AskDefine | Define phyllotaxis

User Contributed Dictionary

English

Etymology

From Greek φυλλον ‘leaf’ + ταξις ‘arrangement’ (from τασσειν ‘arrange’).

Pronunciation

IPA: /fɪlə'tæksɪs/

Noun

phyllotaxis
  1. the arrangement of leaves on a stem, or the mathematical principles governing such arrangement
    • 1985: Yet his Lordship would find this rate of proportion (…) likewise in all plants, in the disposition of their leaves, for which ordering he would make a name, that is, from the Greek, phyllotaxis. — John Fowles, A Maggot

Extensive Definition

In botany, phyllotaxis or phyllotaxy is the arrangement of the leaves on the stem of a plant. The basic patterns are alternate, opposite, whorled or spiral. With an alternate pattern, leaves switch from side to side. An alternate distichous phyllotaxis means that each leaf growing at a single node is disposed in a single rank along the branch (such as in grasses). In an opposite pattern, two leaves grow in opposite directions from the same node. In an opposite pattern, if successive leaf pairs are perpendicular, this is called decussate. A whorled pattern consists of three or more leaves at each node. An opposite leaf pair can be thought of as a whorl of two leaves. A whorl can occur as a basal structure where all the leaves are attached at the base of the shoot and the internodes are small or nonexistent. A basal whorl with a large number of leaves spread out in a circle is called a rosette. A multijugate pattern is a spriral composed of whorls. The pattern has also been observed to emerge in at least one animal cell (the red blood cell), during processes that perturb cellular fluid dynamics .
Insight into the mechanism had to wait until Wilhelm Hofmeister proprosed a model in 1868. The process begins with two primordia, nascent leaves, forming on opposite sides of the shoot. A third new leaf then erupts between them. Each old leaf pushes the upstart away. The golden angle is the blind result of this jostling. Since three golden arcs add up to slightly more than enough to wrap a circle, one of the old leaves overlaps and is pushed out in a radial line, like a rocket that escapes earth orbit. This vacates space in the inner generative spiral for a new leaf to form. The generative spiral should not be confused with the clockwise and counter-clockwise spirals that emerge in densely packed plant structures. Spirals are discerned by tracing the path from leaf to neighboring leaf and each leaf acquires new neighbors as it shoots out from the center and its sister primordia. New leaves move into the spaces opened as old leaves diverge. Phi is an irrational number and this guarantees that no two leaves ever follow the same radial line from center to edge. In modern times, researchers such as Snow and Snow have continued these lines of inquiry. Computer modeling and morphological studies have confirmed and refined Hoffmeister's ideas. Questions remain about the details. Botanists are divided on whether the control of leaf migration depends on chemical gradients among the primordia or purely mechanical forces. Lucas rather than Fibonacci numbers have been observed in a few plants and occasionally the leaf positioning appears to be random.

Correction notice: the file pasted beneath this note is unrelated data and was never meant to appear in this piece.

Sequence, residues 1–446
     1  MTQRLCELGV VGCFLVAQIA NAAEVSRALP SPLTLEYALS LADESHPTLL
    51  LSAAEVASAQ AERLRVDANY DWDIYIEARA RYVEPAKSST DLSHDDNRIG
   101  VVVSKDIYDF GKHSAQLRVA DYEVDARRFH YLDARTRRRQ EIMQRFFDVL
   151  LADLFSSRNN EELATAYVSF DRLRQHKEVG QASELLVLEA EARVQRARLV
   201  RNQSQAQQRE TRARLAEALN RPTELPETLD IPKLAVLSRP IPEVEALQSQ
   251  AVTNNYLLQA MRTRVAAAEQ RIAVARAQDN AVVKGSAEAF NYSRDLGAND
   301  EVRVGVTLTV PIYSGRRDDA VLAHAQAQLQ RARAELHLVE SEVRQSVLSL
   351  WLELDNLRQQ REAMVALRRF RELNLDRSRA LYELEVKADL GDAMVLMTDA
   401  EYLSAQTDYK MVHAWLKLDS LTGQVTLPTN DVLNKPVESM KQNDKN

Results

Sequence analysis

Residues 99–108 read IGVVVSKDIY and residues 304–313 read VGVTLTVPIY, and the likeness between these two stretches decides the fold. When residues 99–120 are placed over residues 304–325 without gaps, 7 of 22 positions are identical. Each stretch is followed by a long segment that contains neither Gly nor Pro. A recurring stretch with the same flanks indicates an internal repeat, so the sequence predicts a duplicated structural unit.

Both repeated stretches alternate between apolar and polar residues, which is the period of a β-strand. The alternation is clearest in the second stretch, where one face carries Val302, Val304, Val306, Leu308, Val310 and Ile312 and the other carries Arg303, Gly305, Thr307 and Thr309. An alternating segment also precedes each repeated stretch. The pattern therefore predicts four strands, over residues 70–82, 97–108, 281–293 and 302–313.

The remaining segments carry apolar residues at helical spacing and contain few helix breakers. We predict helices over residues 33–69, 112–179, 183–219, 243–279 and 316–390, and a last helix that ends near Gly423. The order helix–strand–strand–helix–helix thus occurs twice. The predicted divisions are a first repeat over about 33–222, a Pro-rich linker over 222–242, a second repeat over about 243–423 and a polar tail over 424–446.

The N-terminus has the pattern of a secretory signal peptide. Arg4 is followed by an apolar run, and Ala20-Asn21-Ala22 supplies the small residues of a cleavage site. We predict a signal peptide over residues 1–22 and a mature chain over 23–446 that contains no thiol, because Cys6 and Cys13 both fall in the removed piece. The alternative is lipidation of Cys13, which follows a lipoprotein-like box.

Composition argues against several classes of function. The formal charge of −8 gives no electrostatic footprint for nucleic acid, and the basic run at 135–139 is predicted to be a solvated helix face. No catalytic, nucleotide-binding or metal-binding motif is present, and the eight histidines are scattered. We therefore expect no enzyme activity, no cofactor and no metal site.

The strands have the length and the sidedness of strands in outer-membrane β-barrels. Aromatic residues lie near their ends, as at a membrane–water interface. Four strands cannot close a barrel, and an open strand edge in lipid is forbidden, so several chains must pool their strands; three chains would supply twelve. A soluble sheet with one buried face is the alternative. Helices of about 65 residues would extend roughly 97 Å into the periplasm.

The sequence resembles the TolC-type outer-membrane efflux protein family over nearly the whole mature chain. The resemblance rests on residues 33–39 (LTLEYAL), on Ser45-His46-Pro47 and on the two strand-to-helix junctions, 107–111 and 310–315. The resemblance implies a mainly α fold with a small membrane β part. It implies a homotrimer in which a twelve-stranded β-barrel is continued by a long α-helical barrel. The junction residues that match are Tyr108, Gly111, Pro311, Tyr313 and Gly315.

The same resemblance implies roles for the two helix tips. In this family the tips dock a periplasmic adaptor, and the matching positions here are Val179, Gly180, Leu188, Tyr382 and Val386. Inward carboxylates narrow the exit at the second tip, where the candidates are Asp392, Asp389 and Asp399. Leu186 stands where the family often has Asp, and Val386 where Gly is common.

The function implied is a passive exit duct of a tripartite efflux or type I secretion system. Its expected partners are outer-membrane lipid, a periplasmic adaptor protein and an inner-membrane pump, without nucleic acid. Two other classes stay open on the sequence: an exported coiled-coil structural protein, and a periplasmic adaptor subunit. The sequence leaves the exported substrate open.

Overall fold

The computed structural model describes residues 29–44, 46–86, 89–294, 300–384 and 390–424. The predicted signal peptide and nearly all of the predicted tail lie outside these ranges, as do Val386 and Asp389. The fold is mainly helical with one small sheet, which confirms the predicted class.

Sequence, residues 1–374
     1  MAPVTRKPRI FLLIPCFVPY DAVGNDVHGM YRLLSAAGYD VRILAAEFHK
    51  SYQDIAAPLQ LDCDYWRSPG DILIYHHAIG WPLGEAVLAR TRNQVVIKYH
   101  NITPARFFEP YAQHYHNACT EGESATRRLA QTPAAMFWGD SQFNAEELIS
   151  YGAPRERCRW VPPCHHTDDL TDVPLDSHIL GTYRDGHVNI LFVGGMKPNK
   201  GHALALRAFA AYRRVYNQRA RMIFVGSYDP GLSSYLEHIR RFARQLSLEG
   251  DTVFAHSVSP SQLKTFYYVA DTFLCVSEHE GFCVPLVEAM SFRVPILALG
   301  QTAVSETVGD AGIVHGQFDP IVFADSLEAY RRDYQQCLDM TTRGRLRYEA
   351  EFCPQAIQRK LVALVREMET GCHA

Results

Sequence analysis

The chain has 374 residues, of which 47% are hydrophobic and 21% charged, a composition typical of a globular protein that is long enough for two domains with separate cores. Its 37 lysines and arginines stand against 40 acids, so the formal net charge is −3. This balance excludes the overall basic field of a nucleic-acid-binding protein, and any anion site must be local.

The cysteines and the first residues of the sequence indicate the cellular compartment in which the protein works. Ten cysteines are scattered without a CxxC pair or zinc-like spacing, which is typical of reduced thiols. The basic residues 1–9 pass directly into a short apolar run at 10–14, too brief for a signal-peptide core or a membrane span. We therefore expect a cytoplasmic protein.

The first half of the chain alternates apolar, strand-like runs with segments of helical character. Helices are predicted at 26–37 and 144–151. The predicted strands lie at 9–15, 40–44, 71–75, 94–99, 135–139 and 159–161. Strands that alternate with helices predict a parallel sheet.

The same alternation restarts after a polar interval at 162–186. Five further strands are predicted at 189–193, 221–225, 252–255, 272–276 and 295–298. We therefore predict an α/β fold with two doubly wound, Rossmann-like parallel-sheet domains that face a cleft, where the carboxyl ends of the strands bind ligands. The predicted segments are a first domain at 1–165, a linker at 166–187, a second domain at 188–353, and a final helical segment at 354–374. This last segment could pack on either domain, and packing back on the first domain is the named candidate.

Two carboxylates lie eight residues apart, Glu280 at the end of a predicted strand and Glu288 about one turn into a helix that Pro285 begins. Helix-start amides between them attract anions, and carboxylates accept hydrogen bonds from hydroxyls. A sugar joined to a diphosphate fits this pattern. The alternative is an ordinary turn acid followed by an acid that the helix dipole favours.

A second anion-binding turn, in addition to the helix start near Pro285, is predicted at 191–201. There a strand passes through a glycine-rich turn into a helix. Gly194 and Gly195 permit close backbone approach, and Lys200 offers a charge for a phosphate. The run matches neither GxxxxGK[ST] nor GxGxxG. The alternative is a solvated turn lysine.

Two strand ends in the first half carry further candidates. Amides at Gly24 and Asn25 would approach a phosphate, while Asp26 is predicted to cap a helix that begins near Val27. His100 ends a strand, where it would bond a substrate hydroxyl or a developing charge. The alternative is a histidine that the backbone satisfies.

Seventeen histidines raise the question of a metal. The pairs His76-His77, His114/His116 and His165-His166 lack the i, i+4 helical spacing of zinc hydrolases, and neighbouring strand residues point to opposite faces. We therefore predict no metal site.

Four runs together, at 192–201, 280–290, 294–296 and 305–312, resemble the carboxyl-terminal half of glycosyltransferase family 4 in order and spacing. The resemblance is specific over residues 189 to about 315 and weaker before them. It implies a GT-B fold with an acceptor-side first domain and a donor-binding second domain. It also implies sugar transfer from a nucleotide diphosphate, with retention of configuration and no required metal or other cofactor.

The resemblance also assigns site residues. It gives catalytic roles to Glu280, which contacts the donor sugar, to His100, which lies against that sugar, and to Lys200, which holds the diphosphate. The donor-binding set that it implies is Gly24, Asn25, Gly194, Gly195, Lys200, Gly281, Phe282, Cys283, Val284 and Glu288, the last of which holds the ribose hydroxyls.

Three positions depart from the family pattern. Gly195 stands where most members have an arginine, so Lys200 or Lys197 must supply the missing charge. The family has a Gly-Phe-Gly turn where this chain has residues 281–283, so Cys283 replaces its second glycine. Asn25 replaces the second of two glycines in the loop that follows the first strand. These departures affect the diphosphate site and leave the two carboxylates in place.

References

  • F.M.J. van der Linden
  • Frank M.J. van der Linden: Creating Phyllotaxis, The Stack-and-Drag model, in Mathematical Biosciences, NY 1996
  • Frank M.J. van der Linden: Creating Phyllotaxis from Seed to Flower, in Symmetry in Plants, Jean & Barabé eds., World Scientific, Singapore 1998

See also

phyllotaxis in German: Phyllotaxis
phyllotaxis in Spanish: Filotaxis
phyllotaxis in French: Phyllotaxie
phyllotaxis in Korean: 잎차례
phyllotaxis in Hungarian: Levélállás
phyllotaxis in Dutch: Phyllotaxis
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